Why curved slots in faceplate?

Watchmaker's lathes often have a specialised chuck that look like a
faceplate with three slots; in those slots are mounted three (one each
slot) little vises. These are used, I assume, for holding thin flat things
that you want to do lathe tricks with.
In all of the pictures of these that I have seen the slots are one straight
radial, and the other two are curved. Why?
Here's an example: ebay #130098743586
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I expect it has to do with it's intended use on watch plates. It's a bugger to try and center up on a hole at the edge of the plate when the three supports are all radial. The two supports swing aside as well as outboard, when the work requires the access.
Cheers Trevor Jones
Reply to
Trevor Jones
not sure exactly, I would say the curved slots would allow more adjustment in holding odd shaped items, these faceplates or mandrels are used to hold plates, wheels, bridges from watches for things like replacing rubbed in jewel settings, you need to be able to centre something like a train wheel bridge over the hole you want to work on, these bridges are not round or flat so the mandrel would need to be adaptable to hold the part.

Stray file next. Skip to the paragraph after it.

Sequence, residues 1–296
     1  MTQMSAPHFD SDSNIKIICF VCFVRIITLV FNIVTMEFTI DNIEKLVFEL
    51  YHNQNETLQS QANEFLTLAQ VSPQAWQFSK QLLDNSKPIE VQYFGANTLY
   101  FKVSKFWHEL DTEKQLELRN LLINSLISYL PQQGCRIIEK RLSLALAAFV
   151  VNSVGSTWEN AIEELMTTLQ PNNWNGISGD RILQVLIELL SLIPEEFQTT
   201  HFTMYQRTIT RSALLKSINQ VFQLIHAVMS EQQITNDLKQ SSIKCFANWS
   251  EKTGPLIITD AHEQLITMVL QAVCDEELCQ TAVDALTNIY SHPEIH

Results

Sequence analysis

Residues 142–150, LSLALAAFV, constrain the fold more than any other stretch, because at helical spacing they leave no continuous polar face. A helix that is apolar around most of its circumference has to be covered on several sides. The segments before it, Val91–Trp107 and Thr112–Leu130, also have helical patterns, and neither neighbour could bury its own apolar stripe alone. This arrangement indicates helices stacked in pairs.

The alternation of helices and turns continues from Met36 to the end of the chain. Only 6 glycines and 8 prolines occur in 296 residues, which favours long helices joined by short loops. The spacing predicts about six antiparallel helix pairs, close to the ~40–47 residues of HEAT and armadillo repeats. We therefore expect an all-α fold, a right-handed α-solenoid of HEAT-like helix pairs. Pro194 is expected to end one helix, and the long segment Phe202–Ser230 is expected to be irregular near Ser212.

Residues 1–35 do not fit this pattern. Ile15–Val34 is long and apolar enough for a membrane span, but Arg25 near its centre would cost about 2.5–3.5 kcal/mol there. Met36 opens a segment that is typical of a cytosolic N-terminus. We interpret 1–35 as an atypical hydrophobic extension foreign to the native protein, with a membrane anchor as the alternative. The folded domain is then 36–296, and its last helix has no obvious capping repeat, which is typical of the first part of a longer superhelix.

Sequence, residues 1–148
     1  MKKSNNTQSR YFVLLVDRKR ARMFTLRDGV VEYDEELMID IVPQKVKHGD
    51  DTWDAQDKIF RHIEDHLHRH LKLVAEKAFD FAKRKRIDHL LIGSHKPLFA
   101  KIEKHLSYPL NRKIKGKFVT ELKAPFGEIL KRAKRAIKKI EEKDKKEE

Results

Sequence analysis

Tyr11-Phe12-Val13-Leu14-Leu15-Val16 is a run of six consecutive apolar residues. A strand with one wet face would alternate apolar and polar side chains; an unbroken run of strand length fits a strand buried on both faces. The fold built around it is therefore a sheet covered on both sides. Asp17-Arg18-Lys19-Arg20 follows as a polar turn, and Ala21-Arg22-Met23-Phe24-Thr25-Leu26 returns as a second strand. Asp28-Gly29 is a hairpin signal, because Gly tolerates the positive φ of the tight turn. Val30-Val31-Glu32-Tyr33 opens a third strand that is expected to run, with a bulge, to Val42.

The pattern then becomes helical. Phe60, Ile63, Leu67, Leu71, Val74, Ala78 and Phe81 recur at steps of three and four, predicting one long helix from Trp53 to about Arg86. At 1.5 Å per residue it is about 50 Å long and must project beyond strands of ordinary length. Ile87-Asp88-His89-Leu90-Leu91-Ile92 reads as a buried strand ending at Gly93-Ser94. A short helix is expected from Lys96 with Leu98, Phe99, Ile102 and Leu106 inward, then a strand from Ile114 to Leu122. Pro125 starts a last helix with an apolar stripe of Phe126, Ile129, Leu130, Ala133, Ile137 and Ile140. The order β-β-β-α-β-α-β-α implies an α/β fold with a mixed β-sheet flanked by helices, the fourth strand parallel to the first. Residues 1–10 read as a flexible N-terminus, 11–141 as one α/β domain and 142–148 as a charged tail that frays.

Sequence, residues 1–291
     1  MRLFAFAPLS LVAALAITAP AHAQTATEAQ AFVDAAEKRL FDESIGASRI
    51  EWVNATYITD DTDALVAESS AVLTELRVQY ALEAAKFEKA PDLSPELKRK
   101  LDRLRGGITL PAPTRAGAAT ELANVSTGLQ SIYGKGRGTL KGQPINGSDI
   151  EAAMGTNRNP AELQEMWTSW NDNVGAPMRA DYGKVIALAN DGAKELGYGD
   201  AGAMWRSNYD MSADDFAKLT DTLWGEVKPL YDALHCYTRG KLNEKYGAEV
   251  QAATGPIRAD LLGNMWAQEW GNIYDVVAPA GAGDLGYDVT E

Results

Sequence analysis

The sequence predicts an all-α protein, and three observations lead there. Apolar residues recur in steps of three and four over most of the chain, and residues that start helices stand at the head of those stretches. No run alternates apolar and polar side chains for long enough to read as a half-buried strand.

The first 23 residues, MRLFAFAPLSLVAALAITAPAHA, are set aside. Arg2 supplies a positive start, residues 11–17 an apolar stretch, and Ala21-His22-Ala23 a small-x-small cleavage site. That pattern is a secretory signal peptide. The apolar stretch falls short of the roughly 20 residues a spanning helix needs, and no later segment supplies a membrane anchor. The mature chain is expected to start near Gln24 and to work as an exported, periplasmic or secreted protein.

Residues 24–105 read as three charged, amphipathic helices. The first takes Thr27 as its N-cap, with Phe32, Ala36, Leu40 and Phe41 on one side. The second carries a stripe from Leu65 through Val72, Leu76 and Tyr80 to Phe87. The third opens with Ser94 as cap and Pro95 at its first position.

I have a couple of these mandrels that have 2 curved slots curving away from each other with one straight radial slot in between them, just one manufactures idea compared to another.
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dAz

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